Medical College of Georgia at Augusta University Augusta, GA
Kwabena O. Adu-Gyamfi, MD1, Dhanush Shimoga, MBBS2, Praneeth Kudaravalli, MD3, Angela Barnes, MD2, Amanda Barrett, MD2, Amol Sharma, MD, MS, FACG2 1Medical College of Georgia at Augusta University, Augusta, GA; 2Medical College of Georgia at Augusta University, Augusta, GA; 3Augusta University, Augusta, GA
Introduction: Prostate cancer involving the rectal mucosa is rare despite the anatomic proximity of the two structures. The majority of case reports are found in the radiology and pathology literature. The most common clinical presentation of prostate cancer in the rectum is perineal pain. We present a case of a middle-aged man with prostate cancer who presented for outpatient colonoscopy for intermittent rectal bleeding and iron deficiency anemia.
Case Description/Methods: A 59-year-old Caucasian man with history of castration-resistant prostate cancer with bone and liver metastasis after chemoradiation therapy and immunotherapy developed iron deficiency anemia and intermittent rectal bleeding. He attributed his rectal bleeding to internal hemorrhoids. During an outpatient colonoscopy, a flat dysplastic-appearing 15mm lesion was seen in the proximal anterolateral rectum (Fig 1a) and non-bleeding Grade I internal hemorrhoids. Narrow-band imaging (NBI) revealed central scarring of the lesion (Fig 1b). Histopathology of lesion biopsies revealed islands of infiltrating carcinoma between normal colonic glands (Fig 1c). Immunohistochemical staining was positive for NKX3.1 and negative for CDX-2 consistent with prostate cancer involving the rectal wall. He opted for palliative care and passed away peacefully four months later.
Discussion: Prostate cancer involving the rectal wall may occur through hematogenous, lymphatic or by contiguous spread. Contiguous spread to the rectum is rare because of the thick fibrous Denonvilliers’ (rectoprostatic) fascia posterior to the prostate gland. Affected patients commonly present with perineal pain. Our patient presented with rectal bleeding and iron deficiency anemia, for which the differential diagnosis includes other anorectal pathology such as hemorrhoids or radiation proctopathy. Lesions in early stages may be subtle requiring careful endoscopic examination for detection and may also mimic primary rectal adenocarcinoma both endoscopically and histologically. This has led to a misdiagnosis in some published cases. Compatible histology and staining clinched the diagnosis in our case. The 5-year overall survival of patients with prostate cancer involving the rectum is less than 40%. Prior hormonal therapy and rectal bleeding are associated with increased mortality. A high index of suspicion and increased recognition of this phenomenon by gastroenterologists will help prevent diagnostic pitfalls and provide accurate information to patients during multidisciplinary care.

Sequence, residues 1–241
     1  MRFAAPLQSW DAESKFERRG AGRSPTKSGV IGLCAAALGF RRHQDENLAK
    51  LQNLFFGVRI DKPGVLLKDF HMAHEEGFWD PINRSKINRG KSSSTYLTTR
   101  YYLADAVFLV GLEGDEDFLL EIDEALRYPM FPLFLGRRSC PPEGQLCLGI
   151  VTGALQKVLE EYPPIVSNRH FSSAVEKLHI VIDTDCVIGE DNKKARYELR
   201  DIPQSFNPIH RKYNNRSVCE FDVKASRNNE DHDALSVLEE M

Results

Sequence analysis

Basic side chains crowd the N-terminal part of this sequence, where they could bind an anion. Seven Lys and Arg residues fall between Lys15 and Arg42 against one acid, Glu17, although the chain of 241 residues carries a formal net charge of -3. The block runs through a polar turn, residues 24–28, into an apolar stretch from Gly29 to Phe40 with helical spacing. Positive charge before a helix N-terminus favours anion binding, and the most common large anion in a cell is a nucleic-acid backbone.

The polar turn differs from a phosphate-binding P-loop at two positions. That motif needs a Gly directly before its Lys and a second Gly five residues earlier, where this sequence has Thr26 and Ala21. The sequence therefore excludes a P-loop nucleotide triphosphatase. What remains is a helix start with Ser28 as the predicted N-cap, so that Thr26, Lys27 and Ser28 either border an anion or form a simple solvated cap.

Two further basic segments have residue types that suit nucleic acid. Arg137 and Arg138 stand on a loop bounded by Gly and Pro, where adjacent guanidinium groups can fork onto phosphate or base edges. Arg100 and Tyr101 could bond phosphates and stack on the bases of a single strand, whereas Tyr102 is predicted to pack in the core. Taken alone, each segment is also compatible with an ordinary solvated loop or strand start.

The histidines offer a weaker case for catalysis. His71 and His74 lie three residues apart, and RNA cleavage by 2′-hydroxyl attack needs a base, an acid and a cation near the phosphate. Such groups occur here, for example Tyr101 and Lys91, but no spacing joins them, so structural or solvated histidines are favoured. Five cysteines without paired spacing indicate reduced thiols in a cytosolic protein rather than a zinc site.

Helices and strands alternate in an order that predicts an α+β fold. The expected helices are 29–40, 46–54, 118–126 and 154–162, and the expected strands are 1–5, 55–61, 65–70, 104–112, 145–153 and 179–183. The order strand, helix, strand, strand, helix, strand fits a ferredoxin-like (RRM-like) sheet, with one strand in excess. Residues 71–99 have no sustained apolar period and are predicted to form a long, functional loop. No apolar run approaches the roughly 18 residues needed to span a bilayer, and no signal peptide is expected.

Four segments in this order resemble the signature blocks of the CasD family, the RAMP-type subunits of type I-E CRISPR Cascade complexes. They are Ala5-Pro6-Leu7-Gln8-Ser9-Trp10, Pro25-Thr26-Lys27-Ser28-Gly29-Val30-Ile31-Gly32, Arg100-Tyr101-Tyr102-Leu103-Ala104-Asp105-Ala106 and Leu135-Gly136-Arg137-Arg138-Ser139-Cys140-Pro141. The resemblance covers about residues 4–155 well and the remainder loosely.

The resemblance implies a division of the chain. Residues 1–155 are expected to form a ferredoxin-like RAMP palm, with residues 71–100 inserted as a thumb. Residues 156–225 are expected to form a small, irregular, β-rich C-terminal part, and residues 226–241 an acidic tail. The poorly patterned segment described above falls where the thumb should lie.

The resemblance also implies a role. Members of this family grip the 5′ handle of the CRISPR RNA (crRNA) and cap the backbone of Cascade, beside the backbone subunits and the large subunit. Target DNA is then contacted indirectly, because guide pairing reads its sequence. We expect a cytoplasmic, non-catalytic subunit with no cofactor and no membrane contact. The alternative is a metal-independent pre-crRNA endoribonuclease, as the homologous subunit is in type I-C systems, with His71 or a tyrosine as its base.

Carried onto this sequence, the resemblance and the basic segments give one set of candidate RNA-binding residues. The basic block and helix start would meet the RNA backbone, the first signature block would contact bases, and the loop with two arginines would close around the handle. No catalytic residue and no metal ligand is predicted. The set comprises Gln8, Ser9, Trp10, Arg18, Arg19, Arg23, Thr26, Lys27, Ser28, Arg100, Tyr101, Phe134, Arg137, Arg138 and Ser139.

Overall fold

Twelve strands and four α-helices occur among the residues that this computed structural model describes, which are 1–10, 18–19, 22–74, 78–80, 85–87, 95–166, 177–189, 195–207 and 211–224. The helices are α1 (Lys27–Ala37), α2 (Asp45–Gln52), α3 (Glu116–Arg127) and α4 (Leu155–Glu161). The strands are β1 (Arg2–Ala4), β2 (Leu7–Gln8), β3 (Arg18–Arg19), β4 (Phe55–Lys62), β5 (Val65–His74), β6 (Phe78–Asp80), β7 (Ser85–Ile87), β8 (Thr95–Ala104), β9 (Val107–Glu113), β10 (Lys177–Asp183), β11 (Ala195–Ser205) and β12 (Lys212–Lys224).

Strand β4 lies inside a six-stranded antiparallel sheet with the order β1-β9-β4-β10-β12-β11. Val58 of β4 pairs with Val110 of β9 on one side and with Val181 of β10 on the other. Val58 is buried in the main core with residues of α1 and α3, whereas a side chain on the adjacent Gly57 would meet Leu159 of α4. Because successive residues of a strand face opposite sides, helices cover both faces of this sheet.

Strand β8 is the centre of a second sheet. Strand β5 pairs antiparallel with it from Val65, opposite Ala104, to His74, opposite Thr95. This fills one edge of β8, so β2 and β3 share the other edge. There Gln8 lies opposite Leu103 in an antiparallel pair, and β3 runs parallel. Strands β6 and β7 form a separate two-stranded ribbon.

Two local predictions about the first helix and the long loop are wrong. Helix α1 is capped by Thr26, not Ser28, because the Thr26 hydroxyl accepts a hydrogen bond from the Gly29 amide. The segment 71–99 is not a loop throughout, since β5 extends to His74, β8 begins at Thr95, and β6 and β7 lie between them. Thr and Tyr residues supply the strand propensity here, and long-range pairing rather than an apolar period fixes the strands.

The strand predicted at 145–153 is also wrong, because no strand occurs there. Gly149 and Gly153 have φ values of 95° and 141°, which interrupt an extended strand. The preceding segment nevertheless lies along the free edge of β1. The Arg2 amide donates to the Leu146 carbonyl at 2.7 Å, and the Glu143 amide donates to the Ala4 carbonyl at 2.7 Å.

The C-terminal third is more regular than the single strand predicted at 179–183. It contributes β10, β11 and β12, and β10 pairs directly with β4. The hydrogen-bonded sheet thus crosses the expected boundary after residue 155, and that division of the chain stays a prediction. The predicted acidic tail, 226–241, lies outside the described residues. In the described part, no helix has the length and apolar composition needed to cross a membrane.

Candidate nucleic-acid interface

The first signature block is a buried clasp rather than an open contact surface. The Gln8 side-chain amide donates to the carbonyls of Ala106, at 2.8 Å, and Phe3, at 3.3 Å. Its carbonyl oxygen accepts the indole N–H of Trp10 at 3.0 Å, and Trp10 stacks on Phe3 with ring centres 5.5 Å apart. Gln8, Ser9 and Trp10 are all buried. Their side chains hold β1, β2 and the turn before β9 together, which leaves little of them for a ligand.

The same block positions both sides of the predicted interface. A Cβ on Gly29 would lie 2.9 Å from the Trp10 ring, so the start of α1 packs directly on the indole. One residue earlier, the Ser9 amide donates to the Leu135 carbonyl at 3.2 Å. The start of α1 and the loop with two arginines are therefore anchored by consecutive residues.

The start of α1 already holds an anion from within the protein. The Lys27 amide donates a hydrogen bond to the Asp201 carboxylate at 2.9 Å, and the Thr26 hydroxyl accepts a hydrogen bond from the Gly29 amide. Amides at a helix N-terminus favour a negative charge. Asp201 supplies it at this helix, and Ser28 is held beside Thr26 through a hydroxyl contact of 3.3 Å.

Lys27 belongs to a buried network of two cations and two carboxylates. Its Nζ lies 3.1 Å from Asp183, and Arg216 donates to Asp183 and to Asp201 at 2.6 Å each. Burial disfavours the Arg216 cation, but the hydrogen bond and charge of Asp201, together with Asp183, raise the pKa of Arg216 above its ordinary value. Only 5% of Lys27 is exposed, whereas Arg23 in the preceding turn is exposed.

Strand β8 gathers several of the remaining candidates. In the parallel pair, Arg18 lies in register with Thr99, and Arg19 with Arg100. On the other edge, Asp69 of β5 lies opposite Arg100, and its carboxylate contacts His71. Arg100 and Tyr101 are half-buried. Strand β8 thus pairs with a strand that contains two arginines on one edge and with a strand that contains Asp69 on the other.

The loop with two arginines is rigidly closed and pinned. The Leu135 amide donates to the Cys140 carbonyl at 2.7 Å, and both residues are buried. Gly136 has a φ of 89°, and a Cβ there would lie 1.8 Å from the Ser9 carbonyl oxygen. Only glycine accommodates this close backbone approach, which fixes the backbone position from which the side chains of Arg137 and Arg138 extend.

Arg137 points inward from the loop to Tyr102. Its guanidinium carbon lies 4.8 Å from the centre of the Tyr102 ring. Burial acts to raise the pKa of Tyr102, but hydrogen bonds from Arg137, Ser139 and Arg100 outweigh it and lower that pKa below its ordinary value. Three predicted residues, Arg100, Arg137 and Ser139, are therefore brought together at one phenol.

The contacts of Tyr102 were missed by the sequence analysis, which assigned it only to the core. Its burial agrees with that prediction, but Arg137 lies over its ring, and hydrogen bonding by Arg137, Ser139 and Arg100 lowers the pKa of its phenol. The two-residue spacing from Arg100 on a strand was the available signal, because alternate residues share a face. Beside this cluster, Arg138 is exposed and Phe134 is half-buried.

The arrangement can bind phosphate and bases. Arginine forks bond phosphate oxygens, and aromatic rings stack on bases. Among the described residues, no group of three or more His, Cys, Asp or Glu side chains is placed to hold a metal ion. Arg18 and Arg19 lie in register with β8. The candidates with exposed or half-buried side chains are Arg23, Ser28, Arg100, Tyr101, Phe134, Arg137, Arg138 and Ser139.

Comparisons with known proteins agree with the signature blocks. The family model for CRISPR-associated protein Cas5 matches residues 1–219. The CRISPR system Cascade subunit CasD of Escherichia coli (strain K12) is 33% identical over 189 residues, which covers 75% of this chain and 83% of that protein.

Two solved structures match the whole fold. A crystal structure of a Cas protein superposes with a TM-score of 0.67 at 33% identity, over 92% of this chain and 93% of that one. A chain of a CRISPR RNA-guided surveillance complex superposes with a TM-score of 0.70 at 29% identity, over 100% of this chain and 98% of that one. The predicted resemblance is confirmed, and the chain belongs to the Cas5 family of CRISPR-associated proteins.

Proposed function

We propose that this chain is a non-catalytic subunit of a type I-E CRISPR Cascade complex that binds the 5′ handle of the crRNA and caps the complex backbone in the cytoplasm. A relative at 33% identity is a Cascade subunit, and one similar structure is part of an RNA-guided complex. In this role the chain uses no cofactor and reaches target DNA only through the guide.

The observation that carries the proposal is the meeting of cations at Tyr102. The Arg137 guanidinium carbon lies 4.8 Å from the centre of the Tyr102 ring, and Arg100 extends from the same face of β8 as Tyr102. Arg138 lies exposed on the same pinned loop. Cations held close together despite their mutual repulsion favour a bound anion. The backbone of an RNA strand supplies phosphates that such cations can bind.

Figure: Fig 1a. Endoscopic picture showing rectal mucosal involvement of prostate cancer. Fig 1b. Endoscopic picture showing rectal lesion in narrow band imaging (NBI). Fig 1c. Histology slide 100x H&E: Islands of infiltrating prostate adenocarcinoma (circled) appear between normal colonic glands.
Kwabena Adu-Gyamfi indicated no relevant financial relationships.
Dhanush Shimoga indicated no relevant financial relationships.
Praneeth Kudaravalli indicated no relevant financial relationships.
Angela Barnes indicated no relevant financial relationships.
Amanda Barrett indicated no relevant financial relationships.
Amol Sharma indicated no relevant financial relationships.
Kwabena O. Adu-Gyamfi, MD1, Dhanush Shimoga, MBBS2, Praneeth Kudaravalli, MD3, Angela Barnes, MD2, Amanda Barrett, MD2, Amol Sharma, MD, MS, FACG2. P0213 - Crossing Denonvilliers’ Fascia: Rectal Bleeding and Iron Deficiency Anemia From Prostate Cancer, ACG 2023 Annual Scientific Meeting Abstracts. Vancouver, BC, Canada: American College of Gastroenterology.